Sen. Quezada and Rep. Craven’s bill amending speed camera legislation passes the General Assembly
STATE HOUSE – Sen. Ana B. Quezada (D-Dist. 2, Providence) and Rep. Robert E. Craven’s (D-Dist. 32, North Kingstown) legislation (2018-S 2688Aaa / 2018-H 7956Baa) that amends the authorization for municipalities to use speed cameras in school zones passed the General Assembly today.
“This legislation would tighten the language in the legislation that regulates automated speed enforcement systems in school zones so the penalties are more reasonable and the signs will make it clear that the system is in use,” said Senator Quezada. “The legislation also includes language specifying that the system could only be used Monday through Friday between 7 a.m. and 6 p.m., and that cameras would only operate during the 180 day school year.”
“Everyone wants to protect our children, family members and pedestrians from flagrant speeders in school zones. Although well-intentioned, the initial speed camera act was implemented inappropriately and it lead to confusion and outrage from the public, especially concerning the unexpected and high-cost violation fines. This amendment will continue to protect everyone around school zones while also providing the proper notice and fairer violation fines for motorists,” said Representative Craven.
The bill would mandate more signage for automated school-zone-speed-enforcement system locations and it would change the initial violation ticket cost from $95 to $50 for each offense. Also, the violations would be expunged from court records every three years from the date of the motorist’s first offense and violations under the act cannot be reflected on a person’s driving record. For the first 30 days at a new speed camera location, warnings will only be issued.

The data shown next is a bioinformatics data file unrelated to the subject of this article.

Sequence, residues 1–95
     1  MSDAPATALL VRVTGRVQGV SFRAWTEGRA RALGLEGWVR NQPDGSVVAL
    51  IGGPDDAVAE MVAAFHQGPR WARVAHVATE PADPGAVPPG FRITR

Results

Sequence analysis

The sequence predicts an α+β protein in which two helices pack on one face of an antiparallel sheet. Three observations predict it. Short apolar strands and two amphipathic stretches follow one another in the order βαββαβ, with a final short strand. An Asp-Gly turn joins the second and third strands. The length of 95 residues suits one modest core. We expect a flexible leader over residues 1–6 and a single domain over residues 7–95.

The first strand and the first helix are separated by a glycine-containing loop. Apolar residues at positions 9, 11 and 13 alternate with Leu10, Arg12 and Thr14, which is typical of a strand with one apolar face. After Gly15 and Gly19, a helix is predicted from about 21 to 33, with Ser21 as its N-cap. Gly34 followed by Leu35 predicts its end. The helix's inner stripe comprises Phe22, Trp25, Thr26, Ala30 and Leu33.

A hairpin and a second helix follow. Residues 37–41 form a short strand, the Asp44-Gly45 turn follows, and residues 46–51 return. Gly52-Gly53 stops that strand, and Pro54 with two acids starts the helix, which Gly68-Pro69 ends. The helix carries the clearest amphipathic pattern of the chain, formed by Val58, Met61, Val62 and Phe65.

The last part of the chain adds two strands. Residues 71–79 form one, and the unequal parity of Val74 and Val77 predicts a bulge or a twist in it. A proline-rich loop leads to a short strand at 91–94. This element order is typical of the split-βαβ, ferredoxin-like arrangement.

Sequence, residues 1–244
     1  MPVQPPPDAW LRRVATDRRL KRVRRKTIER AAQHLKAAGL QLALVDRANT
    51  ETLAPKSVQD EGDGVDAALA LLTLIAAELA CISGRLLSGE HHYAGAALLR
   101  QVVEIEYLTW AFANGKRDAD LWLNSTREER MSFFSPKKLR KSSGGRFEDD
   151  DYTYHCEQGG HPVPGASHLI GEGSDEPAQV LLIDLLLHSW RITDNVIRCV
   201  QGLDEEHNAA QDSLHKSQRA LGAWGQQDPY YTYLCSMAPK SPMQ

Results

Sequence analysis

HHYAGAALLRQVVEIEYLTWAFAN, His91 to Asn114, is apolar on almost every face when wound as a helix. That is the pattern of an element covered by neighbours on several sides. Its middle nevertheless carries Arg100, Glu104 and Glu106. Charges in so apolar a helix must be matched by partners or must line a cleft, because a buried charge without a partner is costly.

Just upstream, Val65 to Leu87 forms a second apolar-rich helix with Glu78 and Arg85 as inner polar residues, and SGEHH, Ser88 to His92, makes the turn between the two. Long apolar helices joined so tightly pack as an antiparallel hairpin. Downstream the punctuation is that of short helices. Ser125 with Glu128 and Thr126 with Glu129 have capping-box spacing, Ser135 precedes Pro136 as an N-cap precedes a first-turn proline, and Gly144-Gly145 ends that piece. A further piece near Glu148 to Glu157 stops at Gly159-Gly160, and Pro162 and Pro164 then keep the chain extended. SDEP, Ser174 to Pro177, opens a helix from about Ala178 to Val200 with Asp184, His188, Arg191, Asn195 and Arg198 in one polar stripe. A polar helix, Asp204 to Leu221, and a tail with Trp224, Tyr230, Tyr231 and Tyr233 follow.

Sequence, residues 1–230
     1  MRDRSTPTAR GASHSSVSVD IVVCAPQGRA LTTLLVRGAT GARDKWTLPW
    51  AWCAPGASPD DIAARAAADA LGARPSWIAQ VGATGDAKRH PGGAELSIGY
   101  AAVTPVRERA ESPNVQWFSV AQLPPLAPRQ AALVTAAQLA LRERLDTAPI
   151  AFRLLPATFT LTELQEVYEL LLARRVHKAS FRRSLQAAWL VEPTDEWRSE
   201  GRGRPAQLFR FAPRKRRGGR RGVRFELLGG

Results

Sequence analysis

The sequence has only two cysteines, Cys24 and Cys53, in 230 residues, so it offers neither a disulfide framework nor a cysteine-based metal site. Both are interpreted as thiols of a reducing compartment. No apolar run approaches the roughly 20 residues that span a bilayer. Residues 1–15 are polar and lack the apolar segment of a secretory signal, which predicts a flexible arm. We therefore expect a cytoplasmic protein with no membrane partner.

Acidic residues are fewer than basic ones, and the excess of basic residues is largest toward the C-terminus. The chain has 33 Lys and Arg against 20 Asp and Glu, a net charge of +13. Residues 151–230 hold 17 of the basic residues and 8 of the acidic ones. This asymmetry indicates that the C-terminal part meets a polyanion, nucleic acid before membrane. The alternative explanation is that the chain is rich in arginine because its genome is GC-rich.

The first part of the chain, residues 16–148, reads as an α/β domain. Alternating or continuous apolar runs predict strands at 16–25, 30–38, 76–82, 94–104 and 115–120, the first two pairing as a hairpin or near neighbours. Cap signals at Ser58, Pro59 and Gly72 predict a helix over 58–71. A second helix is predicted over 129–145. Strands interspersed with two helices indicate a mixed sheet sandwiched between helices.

Previously, the cameras were operational from 6 a.m. to 8 p.m., Monday through Saturday.
The legislation is enabling only, and it would be up to municipalities to adopt ordinances at the local level if they seek to utilize the program. Additionally, since school vacation periods and other uses of schools vary from community to community, it would be up to municipalities whether to set additional time restrictions.
The legislation now heads to the governor for consideration.
For more information, contact:
Andrew Caruolo, Publicist
State House Room 20
Providence, RI 02903